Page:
Shelf Centered

A blog about books & culture from the librarians who love them

What We're Reading - May 5

what were reading wednesday block 01 01Hello! Here's what Wilmette Public Library staff has been reading lately. This week we feature two lengthier reviews: one of a favorite exercise book (and a plug for using library resources) and one advocating reading and listening to more than one book at a time. You can search for these titles and put them on hold through our online catalog or you can look for an ebook or e-audiobook on the Digital Library of Illinoissusan3

Title:  Fitness for Everyone: 50 Exercises for Every Type of Body
Author:  Louise Green
Reader:  Susan K-T., Youth Services Librarian

I love this exercise book!  Why?  Because it includes all the fitness basics: upper body and core, lower body and cardio, and stretch and balance with many terrific color photos of people of various genders, ages, weights, shapes, even including people of differing abilities! There are great explanations of fitness equipment, and most importantly, how to make fitness accessible for everyone!  The author's motto is to embrace the body you have.

Did you know that our library contains not only many various fitness books, but also current and older DVD's on the topics of fitness such as zumba, yoga, aerobics, tai chi, bootcamp, cardio, Qigong, and more that you can check out!  You can even explore exercise on ebooks.


Title: Pillars of the Earth, by Ken Follett
Title: The Splendid and the Vile by Erik Larson (audiobook read by John Lee)
Reader: John A., Business Librarian

pillarsI always seem to somehow have both a print book and an audiobook going at the same time. Right now I'm reading Ken Follett's 'Pillars of the Earth' (1989) on my Nook, and listening to Erik Larson's 'The Splendid and the Vile' (2020).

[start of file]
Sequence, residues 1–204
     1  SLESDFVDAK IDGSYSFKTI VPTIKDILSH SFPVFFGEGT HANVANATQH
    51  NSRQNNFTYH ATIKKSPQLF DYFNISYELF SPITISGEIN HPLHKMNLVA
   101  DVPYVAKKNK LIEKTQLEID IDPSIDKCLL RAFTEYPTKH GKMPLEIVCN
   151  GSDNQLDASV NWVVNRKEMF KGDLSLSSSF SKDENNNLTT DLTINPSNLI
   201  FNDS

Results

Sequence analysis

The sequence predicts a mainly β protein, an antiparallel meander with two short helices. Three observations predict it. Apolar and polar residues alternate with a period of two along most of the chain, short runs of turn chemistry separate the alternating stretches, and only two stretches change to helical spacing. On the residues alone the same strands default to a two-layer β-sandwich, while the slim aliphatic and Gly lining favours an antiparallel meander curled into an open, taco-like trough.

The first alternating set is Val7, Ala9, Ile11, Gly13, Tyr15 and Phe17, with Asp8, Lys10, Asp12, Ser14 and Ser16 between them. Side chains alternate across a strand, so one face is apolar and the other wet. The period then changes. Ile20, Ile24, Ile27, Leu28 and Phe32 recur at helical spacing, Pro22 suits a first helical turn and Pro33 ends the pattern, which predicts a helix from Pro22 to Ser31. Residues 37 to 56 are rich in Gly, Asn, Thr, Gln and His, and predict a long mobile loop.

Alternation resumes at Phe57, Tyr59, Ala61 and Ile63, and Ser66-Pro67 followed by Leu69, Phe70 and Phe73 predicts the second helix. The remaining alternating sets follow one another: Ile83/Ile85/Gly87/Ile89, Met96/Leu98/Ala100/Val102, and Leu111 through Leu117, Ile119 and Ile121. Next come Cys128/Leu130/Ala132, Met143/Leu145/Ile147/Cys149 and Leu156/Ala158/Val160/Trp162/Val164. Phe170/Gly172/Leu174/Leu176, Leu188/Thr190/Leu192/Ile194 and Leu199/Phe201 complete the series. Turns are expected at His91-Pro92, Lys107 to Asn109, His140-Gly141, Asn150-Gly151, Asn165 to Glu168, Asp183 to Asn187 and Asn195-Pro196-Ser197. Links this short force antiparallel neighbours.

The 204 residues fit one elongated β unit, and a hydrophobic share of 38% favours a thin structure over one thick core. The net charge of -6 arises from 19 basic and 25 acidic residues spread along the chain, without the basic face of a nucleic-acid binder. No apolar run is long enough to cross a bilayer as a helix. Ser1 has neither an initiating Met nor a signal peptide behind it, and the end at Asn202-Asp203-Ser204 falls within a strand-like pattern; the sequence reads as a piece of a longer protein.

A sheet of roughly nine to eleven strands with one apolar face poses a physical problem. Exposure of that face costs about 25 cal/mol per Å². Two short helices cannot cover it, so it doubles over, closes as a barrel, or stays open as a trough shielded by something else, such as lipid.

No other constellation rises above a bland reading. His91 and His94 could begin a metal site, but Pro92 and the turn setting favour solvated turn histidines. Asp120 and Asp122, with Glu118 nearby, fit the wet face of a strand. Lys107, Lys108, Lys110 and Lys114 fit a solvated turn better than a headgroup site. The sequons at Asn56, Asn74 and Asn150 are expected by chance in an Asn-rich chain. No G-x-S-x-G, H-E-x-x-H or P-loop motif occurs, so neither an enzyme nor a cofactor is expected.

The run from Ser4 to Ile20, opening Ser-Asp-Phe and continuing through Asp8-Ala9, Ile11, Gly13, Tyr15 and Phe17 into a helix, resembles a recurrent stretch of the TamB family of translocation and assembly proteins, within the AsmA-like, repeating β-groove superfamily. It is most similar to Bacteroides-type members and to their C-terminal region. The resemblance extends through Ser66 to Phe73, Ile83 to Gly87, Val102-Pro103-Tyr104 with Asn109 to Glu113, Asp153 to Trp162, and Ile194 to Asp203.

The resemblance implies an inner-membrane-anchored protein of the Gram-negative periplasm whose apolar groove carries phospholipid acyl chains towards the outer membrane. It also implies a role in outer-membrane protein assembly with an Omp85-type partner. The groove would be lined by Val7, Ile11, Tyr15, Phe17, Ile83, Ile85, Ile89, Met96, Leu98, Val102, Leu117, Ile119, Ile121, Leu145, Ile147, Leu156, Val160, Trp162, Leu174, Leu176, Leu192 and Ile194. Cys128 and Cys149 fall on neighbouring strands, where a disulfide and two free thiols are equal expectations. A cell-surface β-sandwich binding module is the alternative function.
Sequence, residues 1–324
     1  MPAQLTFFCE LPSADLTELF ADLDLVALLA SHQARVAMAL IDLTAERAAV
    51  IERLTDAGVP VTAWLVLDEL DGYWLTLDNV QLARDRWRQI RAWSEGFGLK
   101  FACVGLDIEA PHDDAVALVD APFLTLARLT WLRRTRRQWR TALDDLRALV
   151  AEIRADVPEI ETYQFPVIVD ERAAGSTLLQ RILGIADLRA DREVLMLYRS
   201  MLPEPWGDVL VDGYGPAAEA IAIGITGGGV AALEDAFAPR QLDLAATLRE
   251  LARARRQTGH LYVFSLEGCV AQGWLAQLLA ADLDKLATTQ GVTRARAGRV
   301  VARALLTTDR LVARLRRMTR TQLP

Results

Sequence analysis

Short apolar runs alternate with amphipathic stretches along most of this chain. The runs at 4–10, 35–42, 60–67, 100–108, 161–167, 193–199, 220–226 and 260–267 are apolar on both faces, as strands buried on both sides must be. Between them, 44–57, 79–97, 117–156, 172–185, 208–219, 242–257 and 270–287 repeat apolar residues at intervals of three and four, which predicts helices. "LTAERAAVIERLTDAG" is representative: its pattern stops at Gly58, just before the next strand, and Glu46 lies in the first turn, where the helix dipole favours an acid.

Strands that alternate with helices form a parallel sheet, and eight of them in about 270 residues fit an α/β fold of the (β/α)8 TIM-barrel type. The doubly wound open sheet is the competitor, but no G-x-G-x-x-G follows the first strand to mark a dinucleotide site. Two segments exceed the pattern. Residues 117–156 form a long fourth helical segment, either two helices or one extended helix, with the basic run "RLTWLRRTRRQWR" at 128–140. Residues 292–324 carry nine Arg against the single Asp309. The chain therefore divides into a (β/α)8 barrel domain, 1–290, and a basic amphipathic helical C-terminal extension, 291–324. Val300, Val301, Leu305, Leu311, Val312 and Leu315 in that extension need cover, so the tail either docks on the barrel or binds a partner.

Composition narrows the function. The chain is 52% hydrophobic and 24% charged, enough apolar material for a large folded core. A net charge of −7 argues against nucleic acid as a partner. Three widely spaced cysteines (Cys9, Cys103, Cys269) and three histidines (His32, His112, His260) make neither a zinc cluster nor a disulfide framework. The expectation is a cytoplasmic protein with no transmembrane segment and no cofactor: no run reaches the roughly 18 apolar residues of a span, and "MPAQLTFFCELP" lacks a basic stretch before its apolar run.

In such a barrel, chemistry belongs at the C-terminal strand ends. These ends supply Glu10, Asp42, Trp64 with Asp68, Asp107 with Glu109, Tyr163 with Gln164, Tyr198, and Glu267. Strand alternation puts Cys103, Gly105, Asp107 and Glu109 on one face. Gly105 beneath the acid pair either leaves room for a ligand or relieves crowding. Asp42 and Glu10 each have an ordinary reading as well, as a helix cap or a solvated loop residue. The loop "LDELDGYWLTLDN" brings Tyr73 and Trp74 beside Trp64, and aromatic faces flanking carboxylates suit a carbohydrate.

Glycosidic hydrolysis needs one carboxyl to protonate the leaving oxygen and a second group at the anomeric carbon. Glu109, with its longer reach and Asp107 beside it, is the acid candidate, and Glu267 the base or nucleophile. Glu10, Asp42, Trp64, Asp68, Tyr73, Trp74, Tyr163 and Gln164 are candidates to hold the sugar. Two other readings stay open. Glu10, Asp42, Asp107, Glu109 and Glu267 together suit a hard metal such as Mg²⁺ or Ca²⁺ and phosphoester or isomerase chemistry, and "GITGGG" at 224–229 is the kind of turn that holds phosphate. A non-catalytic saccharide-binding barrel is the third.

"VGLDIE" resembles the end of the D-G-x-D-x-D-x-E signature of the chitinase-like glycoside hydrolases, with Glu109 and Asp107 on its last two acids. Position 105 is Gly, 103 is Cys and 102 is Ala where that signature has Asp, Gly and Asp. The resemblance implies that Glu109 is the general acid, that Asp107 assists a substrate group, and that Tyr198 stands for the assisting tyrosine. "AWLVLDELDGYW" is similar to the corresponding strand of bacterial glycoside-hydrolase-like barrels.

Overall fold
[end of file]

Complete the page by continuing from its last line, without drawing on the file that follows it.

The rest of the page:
I started 'Pillars' because my wife, who is a longtime bookstore manager, recommended it to me when I expressed frustration at the density of Umberto Eco's 'The Name of the Rose' (1983).  I found Eco's famous novel beautifully written, but found myself constantly looking up various Latin phrases and anachronistic terms. While 'Pillars' deals with a similar time period (13th century) and monastic settings, it is also very much a thriller along the lines of Follett's other books. Indeed it seems to have as many major plot twists and major catastrophic events as the early seasons of Game of Thrones (I've not read the books yet).  Now that I am almost done, I am beginning to feel the same kind of void that appeared when I finished GoT. splendid

As for 'The Splendid and the Vile,' I chose it more because I enjoy Erik Larson's approach to historical storytelling than interest in Churchill. The war-time Prime Minister has so many biographies written about (and by) him that I normally assume everything that can be said about the man likely already has been said. Larson's latest book doesn't disappoint; along the lines of his 2011 book 'In the Garden of Beasts,' he takes a larger look at the Churchill family as well as the personalities he brought into the government, depicting their public and private lives.  The book paints a vivid picture of life in Britain during the first years of war prior to America's entry into the conflict. 

What We're Reading - April 21

what were reading wednesday banner 01 01

Hello! Here's what Wilmette Public Library staff has been reading lately. This week we feature a book that is quickly becoming a staff favorite; a cute children's graphic novel about pet allergies; a middle-grade novel about moving to a new country and fitting in without losing your heritage; a quirky, character-driven novel about a hostage situation; and a bonus music recommendation for a popular Icelandic artist. You can search for these titles and put them on hold through our online catalog or you can look for an ebook or e-audiobook on the Digital Library of Illinois

sherirTitle: The Midnight Library
Author: Matt Haig
Reader: Sheri R., Youth Services Librarian

I'm reading The Midnight Library by Matt Haig, who is now the first-round choice for my imaginary literary dinner party. I  got started on his books with How to Stop Time, which was a WPL book club book. Then I went on to the humans and other adult and children’s books he’s written. I love the way his character are searching for a way to stay human, and open, and even a bit raw, but to embrace the whole experiences of existence. And he’s funny, too. I end up spamming my friends with quotes when I read him. Try ANYTHING he writes! (This one has been making the rounds among our staff. Read the thoughts of two other staff members here.)